London Underground – A Photographic Perspective

I recently spent the day in London solely to travel around on the Underground to take photos. Not your traditional day out in London maybe, but one borne out of a railway enthusiast friend thinking of a nice day out to celebrate my birthday where the theme was ‘the meeting of hobbies’. I love photography and he loves anything to do with rail transport. My friend regularly passes through and admires underground stations, so a day targeting photogenic underground spots was easily planned by him and gratefully enjoyed by me.

Our day started at London Bridge Underground Station which is a station on both the Jubilee and Northern lines. As this station is next to the Shard there would have been a whole avenue of above ground photography not too far away too.

It’s not often that you get a chance to take photos of such a sci-fi looking place so I appreciated the brief lack of people in one of the tunnels there and just enjoyed the symmetric and geometric beauty before the peace and solitude was broken.

tunnel walkway london underground

A short trip down the Jubilee line took us to Canary Wharf. There are many photo opportunities above ground here. Skyscrapers stand tall and are reflected in other skyscrapers. Smartly dressed men and women stride about purposefully and breaking news is broadcast via an electronic feed on the side of a building. This place oozes financial gravitas and I thought the picture below summed that up.

Social Wellness Walks
Canary Wharf Underground Station

I felt that Canary Wharf Underground Station had a very different feel compared to all the other stations that I’d ever been to as it seemed very open and spacious compared to the tunnel network format.

Two stations down out of the 270 and this experience was already building up a desire for more that I knew wouldn’t be quenched in one trip.

Gants Hill Underground Station was next on the plan and we travelled there on the Central line.

Gants Hill Underground Station

This was on our agenda because of the beautiful ceiling on the lower concourse (see below) which I have heard called the ‘Moscow concourse’ because it was inspired by the grand looking Moscow Metro stations.

I enjoyed the ‘ordinary’ view above just as much as the special ceiling. I realised that this was part of the attraction of the underground system as a venue for taking photos; the ordinary was special and beautiful too.

Moscow concourse london underground

Next we went to Clapham North and Clapham Common because of their island platforms and for a chance to see two underground trains at the same time. These stations are served by the Northern line.

Clapham North

It was at this point in the day that I realised that I had barely any pictures of any trains, the whole point of the place that I was focusing on for the day. I therefore ceremoniously took the below picture and felt lucky that in the short window of time that I was there (so that we could fit everything else in) I was able to capture two trains in one go. I felt that this made up for my prior neglect!

 Clapham Common

A quick trip to Victoria Underground Station gave me the chance to see this fantastic urban view. In the other tunnels that I visited my aim was to capture them without people but on the picture below, the fact that someone walked across the end just as I was taking the picture was a lucky bonus I felt.

Victoria Underground Station

Regent’s Park on the Bakerloo line was the penultimate station on the plan for our day and it offered beautiful green tiles on the walls of the entrance/ exit of the station. This station has a choice of lifts and a staircase to move between the outside and the tube platforms and we optimistically used the staircase while we were there. The staircase has 96 steps, so it was a welcome relief to stop for a while to take the photo below. There were a couple of tourists with a similar idea so we stopped and exchanged pleasantries for a while before we went our separate ways.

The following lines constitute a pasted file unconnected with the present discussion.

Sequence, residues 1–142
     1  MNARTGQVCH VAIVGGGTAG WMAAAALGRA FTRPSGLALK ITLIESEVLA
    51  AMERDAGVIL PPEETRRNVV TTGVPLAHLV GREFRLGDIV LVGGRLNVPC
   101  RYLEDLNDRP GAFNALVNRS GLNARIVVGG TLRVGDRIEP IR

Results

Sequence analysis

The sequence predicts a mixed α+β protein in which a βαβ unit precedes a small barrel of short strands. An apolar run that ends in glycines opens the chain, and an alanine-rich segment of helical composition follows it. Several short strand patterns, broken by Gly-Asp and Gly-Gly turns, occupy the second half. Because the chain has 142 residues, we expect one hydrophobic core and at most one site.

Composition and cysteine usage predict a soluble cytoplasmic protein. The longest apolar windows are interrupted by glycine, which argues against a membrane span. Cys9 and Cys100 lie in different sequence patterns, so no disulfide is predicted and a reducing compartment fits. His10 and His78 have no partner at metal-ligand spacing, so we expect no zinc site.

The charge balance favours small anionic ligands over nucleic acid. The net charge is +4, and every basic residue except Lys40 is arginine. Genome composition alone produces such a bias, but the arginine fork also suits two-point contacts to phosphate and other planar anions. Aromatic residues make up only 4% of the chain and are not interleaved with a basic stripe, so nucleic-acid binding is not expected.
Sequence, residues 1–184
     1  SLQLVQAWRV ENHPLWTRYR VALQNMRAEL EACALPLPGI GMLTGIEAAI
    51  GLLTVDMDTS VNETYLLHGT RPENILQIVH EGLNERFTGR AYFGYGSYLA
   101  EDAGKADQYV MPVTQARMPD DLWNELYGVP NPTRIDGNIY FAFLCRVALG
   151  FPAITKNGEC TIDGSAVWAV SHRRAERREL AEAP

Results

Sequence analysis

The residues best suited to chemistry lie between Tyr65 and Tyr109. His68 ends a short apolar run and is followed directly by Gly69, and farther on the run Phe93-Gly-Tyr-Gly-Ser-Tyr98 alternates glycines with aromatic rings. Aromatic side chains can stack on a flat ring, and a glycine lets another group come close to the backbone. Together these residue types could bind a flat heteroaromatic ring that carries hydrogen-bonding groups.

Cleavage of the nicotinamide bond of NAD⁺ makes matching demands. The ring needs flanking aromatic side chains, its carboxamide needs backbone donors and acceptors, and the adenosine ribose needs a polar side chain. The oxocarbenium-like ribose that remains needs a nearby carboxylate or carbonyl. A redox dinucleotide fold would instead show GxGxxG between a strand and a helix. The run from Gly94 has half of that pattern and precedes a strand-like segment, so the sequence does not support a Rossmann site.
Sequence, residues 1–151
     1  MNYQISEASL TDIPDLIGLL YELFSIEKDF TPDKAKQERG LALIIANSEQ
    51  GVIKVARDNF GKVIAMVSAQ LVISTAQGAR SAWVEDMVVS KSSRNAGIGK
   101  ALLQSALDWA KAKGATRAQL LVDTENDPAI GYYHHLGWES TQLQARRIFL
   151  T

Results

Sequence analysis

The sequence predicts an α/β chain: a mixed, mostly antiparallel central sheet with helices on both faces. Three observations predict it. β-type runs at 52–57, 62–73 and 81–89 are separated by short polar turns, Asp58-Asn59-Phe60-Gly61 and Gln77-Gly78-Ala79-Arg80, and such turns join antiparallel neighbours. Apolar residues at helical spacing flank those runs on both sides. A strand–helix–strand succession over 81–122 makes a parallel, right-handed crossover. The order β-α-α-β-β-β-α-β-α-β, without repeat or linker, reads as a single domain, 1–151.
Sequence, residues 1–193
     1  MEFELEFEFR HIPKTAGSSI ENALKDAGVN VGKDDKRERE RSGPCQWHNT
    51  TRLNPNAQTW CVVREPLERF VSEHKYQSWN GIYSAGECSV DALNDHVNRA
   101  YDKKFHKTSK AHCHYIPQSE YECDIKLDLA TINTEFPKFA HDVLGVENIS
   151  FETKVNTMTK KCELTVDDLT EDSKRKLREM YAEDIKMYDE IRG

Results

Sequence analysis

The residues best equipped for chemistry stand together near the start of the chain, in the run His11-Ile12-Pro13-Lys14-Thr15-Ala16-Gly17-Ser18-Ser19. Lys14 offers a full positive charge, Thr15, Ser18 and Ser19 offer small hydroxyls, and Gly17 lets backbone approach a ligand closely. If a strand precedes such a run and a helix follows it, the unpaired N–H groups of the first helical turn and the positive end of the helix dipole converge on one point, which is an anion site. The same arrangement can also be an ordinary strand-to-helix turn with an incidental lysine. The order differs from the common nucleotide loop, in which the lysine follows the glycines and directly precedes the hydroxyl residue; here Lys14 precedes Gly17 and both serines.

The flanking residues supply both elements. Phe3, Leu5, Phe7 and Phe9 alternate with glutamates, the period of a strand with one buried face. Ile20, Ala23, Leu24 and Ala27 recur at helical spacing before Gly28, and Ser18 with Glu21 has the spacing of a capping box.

Regent’s Park green light

We then returned back to King’s Cross St Pancras Underground Station, an underground station which serves 6 underground lines, and one which leads to the two mainline stations of the same names (both featured in articles on this site). This station was opened in 1863 and was one of the first stations to exist. My interest in the place on this occasion was for another chance to see more futuristic space type tunnels (see also the header photo) which luckily I managed to photograph with the added bonus of either no people in them or just the right amount of people.

King’s Cross St Pancras Underground Station

In my opinion the beauty that is to be found in so many places on the London Underground is astounding. The network serves a function, it transports vast numbers of people daily, some on their commute and others paying occasional visits. As these people travel on their way they have the chance to have these features brighten up their days. To my mind, these design features show an immense pride of the system and that’s why I hold my head up high and say that I spent the day there solely to admire the London Underground. Many thanks to my friend who knowledgeably guided me around.

Share with your friends!
Subscribe to Our Newsletter

Similar Posts


  1. Thank very much for your comment Paul!

  2. Paul Taylor says:

    Nice and unusual article and I’ve also considered how photogenic the underground is. I was in London recently and stayed near Belsize Park station which is a beautiful looking station that, advertising aside, looks like it is stuck in another time. One to add to your list

    1. Helen Clarkson says:

      Thank you very much for your comment Paul! I will give that station a visit 🙂

Leave a Reply

Your email address will not be published. Required fields are marked *